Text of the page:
Gardening is Not for Control Freaks


Susie ErdeyIt’s early September, and the summer harvest is nearly over here at Fallengutter Farm. (Yes, our home is called “Fallengutter.” I’ll explain later.*) There are still a few ‘Cherokee Purple’ tomatoes on the vine. The hot Hungarian peppers are reddening up nicely. And the volunteer collards are still going strong — amazing, since they’re holdovers from last year — so we’ll have plenty to cook down and freeze before the frost nips them too hard. I’ve ripped the bolted lettuce out of the raised beds — well, what was left after Luci (one of our two Alaskan malamute rescue dogs) got behind the fence and helped herself, emerging with her white face dusted yellow with pollen.

This year’s garden has been an education in “managing expectations.” Mine, mostly. Our daily schedules are quite full, as I commute daily into Manhattan by train for my job, and my spouse is an Episcopal priest serving a local congregation. But I resolved that this would be the year when our 22-by-40 foot organic, critter-proofed, designed-on-permaculture-principles, seriously over-engineered garden enclosure would come together beautifully. (Our neighbors call it “the Garden Gulag.” They’re kidding. Or, we think they are.) I had to watch from the porch for the last two summers because of a serious illness, surgeries, and an exhausting schedule of treatments and follow-up appointments. This year I’m healthy.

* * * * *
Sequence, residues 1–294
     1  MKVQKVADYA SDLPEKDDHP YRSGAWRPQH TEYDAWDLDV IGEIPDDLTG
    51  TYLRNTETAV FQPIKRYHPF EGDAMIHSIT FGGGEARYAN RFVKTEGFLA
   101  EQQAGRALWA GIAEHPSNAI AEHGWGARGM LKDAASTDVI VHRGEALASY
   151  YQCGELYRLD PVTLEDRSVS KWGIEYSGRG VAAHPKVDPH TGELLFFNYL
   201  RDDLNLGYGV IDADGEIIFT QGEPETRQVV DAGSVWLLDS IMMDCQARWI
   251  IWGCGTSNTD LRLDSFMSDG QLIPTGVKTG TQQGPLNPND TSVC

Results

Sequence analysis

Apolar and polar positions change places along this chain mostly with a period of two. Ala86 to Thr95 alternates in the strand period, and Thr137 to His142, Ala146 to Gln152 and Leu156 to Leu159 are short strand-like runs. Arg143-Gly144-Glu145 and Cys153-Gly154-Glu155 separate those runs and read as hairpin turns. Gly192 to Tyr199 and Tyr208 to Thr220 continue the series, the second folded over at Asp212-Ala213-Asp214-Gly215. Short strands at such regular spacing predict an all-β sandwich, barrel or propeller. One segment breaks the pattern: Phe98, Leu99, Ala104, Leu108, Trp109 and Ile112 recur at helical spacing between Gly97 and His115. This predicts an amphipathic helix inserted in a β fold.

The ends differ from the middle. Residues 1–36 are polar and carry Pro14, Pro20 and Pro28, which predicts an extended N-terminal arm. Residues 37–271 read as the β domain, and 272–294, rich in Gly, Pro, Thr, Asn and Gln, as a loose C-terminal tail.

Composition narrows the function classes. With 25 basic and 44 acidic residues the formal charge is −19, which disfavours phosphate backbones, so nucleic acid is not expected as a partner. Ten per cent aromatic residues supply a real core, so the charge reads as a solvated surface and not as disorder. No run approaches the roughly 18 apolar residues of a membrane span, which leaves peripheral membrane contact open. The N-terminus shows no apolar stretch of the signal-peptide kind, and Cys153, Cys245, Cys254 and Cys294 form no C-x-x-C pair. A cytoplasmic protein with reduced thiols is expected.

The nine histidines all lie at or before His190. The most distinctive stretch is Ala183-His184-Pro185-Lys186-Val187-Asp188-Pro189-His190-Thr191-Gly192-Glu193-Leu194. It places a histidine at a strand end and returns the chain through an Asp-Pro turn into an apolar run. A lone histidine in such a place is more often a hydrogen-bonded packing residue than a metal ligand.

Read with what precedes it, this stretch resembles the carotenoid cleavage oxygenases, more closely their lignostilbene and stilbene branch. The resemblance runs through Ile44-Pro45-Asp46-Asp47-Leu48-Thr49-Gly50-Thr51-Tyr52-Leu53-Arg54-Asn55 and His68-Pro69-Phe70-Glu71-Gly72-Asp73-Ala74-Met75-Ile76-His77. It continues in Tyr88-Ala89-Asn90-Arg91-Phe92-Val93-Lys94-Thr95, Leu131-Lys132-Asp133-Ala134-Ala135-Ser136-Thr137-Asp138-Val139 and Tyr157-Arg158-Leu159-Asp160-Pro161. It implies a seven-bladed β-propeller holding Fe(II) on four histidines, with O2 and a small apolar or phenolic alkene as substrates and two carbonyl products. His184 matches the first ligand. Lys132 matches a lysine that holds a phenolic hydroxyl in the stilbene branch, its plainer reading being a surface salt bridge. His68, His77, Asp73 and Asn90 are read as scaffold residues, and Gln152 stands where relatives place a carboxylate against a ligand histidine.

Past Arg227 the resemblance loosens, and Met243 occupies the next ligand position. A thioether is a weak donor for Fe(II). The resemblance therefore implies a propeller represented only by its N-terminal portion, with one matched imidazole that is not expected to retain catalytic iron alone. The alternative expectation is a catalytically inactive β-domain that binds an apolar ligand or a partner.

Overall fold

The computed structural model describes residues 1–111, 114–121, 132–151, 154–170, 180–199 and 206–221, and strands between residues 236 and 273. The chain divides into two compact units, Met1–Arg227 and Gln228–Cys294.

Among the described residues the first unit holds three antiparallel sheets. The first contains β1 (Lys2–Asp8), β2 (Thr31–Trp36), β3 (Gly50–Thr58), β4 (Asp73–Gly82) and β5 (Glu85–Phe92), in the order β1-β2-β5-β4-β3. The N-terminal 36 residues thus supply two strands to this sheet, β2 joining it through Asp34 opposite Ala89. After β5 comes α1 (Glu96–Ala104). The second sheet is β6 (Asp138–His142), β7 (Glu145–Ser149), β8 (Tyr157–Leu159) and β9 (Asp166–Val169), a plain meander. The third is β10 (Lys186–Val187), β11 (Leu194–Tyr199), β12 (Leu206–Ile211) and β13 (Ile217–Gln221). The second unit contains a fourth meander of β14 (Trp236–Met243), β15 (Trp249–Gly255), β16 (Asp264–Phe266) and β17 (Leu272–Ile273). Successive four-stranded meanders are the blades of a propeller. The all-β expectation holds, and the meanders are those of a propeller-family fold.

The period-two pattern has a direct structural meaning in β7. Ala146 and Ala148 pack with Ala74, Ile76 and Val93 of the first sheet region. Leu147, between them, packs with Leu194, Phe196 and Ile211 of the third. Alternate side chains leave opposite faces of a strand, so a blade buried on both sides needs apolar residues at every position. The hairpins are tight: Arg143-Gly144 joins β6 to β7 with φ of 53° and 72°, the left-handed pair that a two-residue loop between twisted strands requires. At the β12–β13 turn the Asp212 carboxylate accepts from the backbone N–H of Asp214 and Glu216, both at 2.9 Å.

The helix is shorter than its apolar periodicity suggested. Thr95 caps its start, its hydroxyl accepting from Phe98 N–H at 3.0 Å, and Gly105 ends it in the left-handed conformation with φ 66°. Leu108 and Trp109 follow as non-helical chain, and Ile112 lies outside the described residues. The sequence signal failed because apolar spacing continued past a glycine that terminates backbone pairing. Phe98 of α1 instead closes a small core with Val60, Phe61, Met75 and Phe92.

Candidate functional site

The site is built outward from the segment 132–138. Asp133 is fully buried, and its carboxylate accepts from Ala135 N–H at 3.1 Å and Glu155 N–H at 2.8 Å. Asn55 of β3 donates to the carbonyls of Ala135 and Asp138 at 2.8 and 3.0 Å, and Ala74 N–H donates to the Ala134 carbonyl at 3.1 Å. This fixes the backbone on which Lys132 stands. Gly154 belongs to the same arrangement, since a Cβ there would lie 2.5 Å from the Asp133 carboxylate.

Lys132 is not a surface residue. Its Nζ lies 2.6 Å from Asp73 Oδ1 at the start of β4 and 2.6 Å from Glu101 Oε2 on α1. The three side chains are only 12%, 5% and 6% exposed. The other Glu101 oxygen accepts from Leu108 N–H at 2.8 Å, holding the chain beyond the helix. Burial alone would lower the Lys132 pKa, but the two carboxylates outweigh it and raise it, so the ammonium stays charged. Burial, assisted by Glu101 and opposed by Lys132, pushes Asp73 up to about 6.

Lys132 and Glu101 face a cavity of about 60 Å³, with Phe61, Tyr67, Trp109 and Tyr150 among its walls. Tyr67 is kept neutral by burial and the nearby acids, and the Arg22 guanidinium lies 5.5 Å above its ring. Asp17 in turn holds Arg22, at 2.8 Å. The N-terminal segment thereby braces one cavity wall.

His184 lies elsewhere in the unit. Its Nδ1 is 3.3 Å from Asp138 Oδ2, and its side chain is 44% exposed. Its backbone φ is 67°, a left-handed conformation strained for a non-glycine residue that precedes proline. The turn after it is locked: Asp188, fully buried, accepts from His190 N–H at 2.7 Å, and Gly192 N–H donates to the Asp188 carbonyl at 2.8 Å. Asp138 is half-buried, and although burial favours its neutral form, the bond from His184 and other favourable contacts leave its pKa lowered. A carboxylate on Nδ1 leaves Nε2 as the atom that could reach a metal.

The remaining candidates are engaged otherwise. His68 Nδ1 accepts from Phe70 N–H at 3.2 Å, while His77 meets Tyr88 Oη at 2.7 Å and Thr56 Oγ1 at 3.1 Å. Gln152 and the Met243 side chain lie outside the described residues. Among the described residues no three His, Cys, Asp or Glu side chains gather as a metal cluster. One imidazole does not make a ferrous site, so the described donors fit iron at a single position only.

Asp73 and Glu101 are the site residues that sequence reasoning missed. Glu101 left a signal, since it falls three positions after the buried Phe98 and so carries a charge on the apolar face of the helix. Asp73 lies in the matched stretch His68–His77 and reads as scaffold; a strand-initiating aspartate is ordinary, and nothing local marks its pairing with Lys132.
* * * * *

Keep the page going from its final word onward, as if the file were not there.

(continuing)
Fallengutter Garden

We spent January and February poring over catalogs from Baker Creek, Johnny’s, and Territorial Seed. We ordered ‘Mister Stripey’ and ‘Paul Robeson’ tomato plants for mid-May delivery. We sketched out this year’s planting plan on graph paper, taking care to rotate vegetables to different beds. We counted the days until we might start putting our tender seedlings on the porch to harden off.

Our first indication that this year might be challenging was the poor sap output from the maple trees in this part of the lower Hudson Valley. We tapped our lone maple for the first time two years ago, just for fun, and could scarcely keep up with the flow. We emptied the sap pail into 5-gallon buckets and buried them in snow piles until I could spend my Saturdays boiling down sap into syrup. But the winter of 2015-2016 was warmer, with little snow, and we barely got a bucketful.

Then came an unusually warm late March, and the forsythia, magnolias, and flowering crabapples gave in to irrational exuberance and bloomed — and got totally destroyed when early April brought snow and three consecutive nights of temperatures plummeting into the low teens. We hoped the fruit trees would be resilient enough to overcome the shock, but neither our apples nor our neighbors’ pear trees put out any fruit to speak of this year. (Our apple trees also developed cedar-apple rust, and although we applied copper spray, the results were disappointing.)

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